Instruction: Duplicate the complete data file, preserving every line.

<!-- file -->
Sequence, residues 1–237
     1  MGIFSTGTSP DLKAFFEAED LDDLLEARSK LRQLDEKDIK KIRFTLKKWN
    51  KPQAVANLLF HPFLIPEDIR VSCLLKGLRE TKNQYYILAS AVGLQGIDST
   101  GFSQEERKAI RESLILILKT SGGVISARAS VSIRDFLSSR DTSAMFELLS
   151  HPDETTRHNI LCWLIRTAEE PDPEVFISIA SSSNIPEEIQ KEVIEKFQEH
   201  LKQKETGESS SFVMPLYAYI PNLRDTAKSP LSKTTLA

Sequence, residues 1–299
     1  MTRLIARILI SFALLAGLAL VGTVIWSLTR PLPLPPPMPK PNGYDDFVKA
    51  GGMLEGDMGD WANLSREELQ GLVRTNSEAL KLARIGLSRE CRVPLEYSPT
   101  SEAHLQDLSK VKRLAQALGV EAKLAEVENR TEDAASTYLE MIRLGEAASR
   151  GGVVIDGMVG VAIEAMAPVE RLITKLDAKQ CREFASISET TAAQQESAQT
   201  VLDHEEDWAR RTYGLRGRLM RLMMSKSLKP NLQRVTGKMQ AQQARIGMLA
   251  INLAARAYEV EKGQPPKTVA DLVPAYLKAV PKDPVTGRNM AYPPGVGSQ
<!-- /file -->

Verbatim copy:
Sequence, residues 1–237
     1  MGIFSTGTSP DLKAFFEAED LDDLLEARSK LRQLDEKDIK KIRFTLKKWN
    51  KPQAVANLLF HPFLIPEDIR VSCLLKGLRE TKNQYYILAS AVGLQGIDST
   101  GFSQEERKAI RESLILILKT SGGVISARAS VSIRDFLSSR DTSAMFELLS
   151  HPDETTRHNI LCWLIRTAEE PDPEVFISIA SSSNIPEEIQ KEVIEKFQEH
   201  LKQKETGESS SFVMPLYAYI PNLRDTAKSP LSKTTLA

Sequence, residues 1–299
     1  MTRLIARILI SFALLAGLAL VGTVIWSLTR PLPLPPPMPK PNGYDDFVKA
    51  GGMLEGDMGD WANLSREELQ GLVRTNSEAL KLARIGLSRE CRVPLEYSPT
   101  SEAHLQDLSK VKRLAQALGV EAKLAEVENR TEDAASTYLE MIRLGEAASR
   151  GGVVIDGMVG VAIEAMAPVE RLITKLDAKQ CREFASISET TAAQQESAQT
   201  VLDHEEDWAR RTYGLRGRLM RLMMSKSLKP NLQRVTGKMQ AQQARIGMLA
   251  INLAARAYEV EKGQPPKTVA DLVPAYLKAV PKDPVTGRNM AYPPGVGSQ